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Analysis of Mason-Pfizer Monkey Virus Gag Domains Required for Capsid Assembly in Bacteria: Role of the N-Terminal Proline Residue of CA in Directing Particle Shape

By Michaela Rumlova-Klikova, Eric Hunter, Milan V. Nermut, Iva Pichova and Tomas Ruml


Mason-Pfizer monkey virus (M-PMV) preassembles immature capsids in the cytoplasm prior to transporting them to the plasma membrane. Expression of the M-PMV Gag precursor in bacteria results in the assembly of capsids indistinguishable from those assembled in mammalian cells. We have used this system to investigate the structural requirements for the assembly of Gag precursors into procapsids. A series of C- and N-terminal deletion mutants progressively lacking each of the mature Gag domains (matrix protein [MA]-pp24/16-p12-capsid protein [CA]-nucleocapsid protein [NC]-p4) were constructed and expressed in bacteria. The results demonstrate that both the CA and the NC domains are necessary for the assembly of macromolecular arrays (sheets) but that amino acid residues at the N terminus of CA define the assembly of spherical capsids. The role of these N-terminal domains is not based on a specific amino acid sequence, since both MA-CA-NC and p12-CA-NC polyproteins efficiently assemble into capsids. Residues N terminal of CA appear to prevent a conformational change in which the N-terminal proline plays a key role, since the expression of a CA-NC protein lacking this proline results in the assembly of spherical capsids in place of the sheets assembled by the CA-NC protein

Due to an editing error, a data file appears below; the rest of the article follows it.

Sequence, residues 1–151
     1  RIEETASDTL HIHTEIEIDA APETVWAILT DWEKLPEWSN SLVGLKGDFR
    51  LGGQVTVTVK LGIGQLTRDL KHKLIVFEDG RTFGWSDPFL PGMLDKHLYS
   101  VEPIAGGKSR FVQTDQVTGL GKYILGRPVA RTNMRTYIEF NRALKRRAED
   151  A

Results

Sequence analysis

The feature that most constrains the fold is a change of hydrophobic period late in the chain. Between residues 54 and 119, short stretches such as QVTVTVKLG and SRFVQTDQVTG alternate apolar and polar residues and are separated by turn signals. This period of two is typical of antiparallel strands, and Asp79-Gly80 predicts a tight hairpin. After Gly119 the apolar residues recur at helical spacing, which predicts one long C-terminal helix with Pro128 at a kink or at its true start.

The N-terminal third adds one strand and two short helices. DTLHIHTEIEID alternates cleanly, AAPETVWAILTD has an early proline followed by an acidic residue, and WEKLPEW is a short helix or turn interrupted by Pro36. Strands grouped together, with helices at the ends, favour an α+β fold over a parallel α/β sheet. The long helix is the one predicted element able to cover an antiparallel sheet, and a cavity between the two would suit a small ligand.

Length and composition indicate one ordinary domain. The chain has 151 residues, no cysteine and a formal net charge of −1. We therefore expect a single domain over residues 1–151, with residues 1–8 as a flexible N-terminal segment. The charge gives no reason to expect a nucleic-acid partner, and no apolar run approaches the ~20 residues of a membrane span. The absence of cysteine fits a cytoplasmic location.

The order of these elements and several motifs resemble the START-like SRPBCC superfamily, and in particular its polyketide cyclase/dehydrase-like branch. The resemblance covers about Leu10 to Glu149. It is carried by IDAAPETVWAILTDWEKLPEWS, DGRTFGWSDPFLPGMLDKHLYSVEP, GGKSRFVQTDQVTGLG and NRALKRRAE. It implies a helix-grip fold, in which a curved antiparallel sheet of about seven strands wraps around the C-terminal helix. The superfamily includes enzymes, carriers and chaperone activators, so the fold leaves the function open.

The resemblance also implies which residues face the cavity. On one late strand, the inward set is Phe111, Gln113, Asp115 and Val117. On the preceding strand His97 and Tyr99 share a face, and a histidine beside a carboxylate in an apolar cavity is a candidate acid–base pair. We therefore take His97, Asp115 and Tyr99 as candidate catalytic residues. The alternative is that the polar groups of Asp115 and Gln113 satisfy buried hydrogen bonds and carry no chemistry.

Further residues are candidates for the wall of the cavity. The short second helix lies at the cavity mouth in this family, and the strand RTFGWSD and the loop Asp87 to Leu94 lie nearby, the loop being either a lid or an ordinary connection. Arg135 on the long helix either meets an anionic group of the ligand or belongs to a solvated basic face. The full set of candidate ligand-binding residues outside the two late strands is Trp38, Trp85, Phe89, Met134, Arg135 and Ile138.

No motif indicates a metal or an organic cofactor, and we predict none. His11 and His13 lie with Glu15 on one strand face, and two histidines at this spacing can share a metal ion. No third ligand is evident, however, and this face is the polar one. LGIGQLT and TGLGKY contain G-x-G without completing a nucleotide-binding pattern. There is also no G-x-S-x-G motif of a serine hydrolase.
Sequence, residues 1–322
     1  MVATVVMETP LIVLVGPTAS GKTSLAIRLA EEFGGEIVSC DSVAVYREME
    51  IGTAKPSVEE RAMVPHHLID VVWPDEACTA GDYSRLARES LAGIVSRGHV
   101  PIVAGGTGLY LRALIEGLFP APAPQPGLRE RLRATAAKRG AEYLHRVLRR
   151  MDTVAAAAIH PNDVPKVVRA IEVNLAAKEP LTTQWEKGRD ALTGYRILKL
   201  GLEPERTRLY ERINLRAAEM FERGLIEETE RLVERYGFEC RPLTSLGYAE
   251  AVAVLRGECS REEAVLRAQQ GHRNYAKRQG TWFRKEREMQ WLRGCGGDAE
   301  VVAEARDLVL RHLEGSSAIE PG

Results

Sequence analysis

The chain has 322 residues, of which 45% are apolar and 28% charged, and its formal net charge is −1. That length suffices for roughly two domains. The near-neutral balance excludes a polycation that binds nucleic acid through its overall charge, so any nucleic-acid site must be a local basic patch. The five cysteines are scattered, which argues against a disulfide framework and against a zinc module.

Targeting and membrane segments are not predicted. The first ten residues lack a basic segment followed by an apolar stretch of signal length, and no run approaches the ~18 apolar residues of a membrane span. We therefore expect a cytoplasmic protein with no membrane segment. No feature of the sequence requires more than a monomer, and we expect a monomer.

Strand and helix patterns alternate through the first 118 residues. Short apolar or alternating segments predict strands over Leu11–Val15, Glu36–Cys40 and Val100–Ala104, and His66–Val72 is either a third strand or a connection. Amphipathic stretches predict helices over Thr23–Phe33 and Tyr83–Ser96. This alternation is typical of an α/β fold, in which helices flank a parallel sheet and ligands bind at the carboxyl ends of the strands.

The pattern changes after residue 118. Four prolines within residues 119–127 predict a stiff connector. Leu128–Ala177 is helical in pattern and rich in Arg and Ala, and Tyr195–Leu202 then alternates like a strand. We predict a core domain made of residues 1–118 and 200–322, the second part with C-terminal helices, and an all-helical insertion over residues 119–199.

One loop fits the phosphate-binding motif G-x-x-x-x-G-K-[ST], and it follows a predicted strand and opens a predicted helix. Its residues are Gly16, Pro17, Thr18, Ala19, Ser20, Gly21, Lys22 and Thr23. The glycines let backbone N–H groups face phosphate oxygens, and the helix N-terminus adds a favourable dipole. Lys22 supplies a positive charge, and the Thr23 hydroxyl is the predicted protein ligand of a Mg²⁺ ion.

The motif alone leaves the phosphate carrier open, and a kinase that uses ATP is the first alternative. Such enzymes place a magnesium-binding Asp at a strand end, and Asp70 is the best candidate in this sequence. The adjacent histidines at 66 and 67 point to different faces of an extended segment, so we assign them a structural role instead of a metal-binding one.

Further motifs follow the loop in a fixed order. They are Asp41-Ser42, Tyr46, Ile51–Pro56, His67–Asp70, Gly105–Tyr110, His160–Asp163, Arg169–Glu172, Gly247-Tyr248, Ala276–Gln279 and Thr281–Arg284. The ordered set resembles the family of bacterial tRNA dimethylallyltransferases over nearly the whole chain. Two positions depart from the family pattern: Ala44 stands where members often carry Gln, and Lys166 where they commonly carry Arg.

Topics: Structure and Assembly
Publisher: American Society for Microbiology
Year: 2000
OAI identifier: oai:pubmedcentral.nih.gov:116356
Provided by: PubMed Central
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